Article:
Since MSNBC is now reconfiguring not only for the post-Olbermann but also the post-DADT era, it's my hope that MSNBC will finally become as progressive in fact as they're now trying to be in image with their "Lean Forward" campaign and begin presenting transgender people and the issues that impact our lives as valid and viable news and an integral part of the diversity that is America as the Employment Non-Discrimination Act ascends in the Democratic Party agenda as the next long-promised key goal for LGBT American working families.
Rachel Maddow, Lawrence O'Donnell, and Ed Schultz. Three pretty progressive voices. While I've never heard an unkind or ill-considered word about transgender people on any of their shows, I've also heard precious little about us and the issues that impact our lives at all. It's time that changed, that when there's a story that concerns transgender people, that information is included in the story. No one's expecting miracles here, just that we shouldn't have to ask for transgender inclusion on MSNBC or complain that we didn't get it when we should have.
Inclusion and respect for diversity should be the expected standard, just as it is for stories and features relevant to any other minority group in this country. Just as Keith Olbermann should have known from the start not only that letting Michael Musto make transphobic jokes on his show probably wasn't a good idea to begin with but also that his own laughing along with Musto made the offense ten times worse for many in his audience, so too should Rachel Maddow not have to be reminded on-air by her guests to include transgender people in a relevant story.
And hey, it would be nice if Lawrence, Rachel, and Ed ran a feature now and then when important transgender-relevant stories, developments, and progress surface in the news cycle, and they could really break down some barriers by having their very first (as far as I know) transgender guest to talk real issues on one of their shows, instead of transgender Americans being consistently presented to cable news viewers as merely human interest curiosities as other networks have done. For truly progressive hosts and content creators, the possibilities are endless, and given where the bulk of the modern progressive movement is on transgender civil rights and inclusion today, the inclusion of transgender people and viewpoints in MSNBC's coverage of relevant topics and issues should be a no-brainer.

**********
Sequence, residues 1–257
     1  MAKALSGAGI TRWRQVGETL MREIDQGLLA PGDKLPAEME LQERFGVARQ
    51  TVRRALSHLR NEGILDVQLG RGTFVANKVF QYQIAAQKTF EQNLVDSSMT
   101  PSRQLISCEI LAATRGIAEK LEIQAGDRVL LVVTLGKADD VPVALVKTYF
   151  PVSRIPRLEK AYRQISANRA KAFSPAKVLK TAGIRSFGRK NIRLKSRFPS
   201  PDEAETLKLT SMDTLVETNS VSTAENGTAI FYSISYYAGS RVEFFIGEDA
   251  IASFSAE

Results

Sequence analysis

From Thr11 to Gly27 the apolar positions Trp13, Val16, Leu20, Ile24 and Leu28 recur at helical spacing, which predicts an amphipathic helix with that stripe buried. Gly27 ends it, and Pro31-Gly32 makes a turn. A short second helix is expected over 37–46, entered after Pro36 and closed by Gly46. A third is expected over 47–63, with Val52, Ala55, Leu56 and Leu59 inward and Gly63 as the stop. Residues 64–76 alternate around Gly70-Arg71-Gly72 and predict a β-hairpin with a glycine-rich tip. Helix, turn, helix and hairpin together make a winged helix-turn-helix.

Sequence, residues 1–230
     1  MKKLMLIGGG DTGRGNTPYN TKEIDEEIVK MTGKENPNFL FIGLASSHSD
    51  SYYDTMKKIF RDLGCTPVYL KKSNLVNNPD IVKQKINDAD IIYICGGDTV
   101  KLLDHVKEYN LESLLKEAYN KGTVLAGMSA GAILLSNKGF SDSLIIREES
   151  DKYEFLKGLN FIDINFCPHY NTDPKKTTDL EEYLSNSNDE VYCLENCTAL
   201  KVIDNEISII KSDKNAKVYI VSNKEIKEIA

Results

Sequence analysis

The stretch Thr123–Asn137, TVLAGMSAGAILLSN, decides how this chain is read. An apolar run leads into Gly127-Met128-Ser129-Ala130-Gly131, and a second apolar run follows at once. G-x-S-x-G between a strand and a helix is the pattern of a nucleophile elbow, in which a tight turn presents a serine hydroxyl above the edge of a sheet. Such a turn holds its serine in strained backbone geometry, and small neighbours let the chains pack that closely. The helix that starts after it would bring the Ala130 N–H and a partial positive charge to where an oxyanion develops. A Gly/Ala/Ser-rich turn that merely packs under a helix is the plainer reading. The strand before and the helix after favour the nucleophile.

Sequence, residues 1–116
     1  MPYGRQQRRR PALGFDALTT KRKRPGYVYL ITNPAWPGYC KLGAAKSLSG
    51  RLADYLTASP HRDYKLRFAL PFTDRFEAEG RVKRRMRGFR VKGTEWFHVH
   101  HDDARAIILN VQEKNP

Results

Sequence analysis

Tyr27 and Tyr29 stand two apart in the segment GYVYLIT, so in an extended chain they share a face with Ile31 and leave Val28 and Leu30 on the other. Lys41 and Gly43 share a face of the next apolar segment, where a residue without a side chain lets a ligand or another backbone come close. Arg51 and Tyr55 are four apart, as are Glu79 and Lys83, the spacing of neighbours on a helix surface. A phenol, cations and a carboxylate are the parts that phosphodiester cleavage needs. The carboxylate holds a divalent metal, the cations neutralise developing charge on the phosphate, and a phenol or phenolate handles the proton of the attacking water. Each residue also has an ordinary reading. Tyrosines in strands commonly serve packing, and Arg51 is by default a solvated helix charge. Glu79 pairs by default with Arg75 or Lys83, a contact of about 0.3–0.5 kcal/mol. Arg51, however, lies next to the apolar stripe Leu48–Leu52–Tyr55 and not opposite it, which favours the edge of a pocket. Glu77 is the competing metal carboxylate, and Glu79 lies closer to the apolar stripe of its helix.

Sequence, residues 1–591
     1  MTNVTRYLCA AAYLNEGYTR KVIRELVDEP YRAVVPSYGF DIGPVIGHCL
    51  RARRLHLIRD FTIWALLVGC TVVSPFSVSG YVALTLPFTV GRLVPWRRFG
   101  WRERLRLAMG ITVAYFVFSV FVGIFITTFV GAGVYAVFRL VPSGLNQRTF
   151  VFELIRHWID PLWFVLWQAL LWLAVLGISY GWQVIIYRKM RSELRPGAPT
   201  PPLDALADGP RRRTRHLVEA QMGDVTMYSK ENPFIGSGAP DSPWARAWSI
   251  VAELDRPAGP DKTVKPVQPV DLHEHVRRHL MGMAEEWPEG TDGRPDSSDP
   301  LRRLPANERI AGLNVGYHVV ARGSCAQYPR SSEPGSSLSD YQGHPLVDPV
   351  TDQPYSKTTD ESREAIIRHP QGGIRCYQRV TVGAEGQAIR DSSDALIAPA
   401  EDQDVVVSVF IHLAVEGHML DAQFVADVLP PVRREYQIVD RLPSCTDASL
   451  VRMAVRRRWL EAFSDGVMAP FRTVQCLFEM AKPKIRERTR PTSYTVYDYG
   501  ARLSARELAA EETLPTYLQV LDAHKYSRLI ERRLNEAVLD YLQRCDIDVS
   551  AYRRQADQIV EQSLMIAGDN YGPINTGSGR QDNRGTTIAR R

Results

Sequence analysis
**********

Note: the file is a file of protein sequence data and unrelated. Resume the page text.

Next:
Keith Olbermann's voice guided MSNBC to this point in large part, but now this network needs to find a new identity that will continue to lead them forward without him. Here's hoping that MSNBC and their hosts use this as an opportunity to widen their focus on the progressive movement and the communities that comprise it, particularly those hardest-hit in this economy by the lack of basic civil rights protections and who could use the attention their coverage would generate the most.
Considering how superb a job they did covering Don't Ask, Don't Tell, it's the very least they could do for the other 99.999% of the LGBT American workforce. The very least, indeed.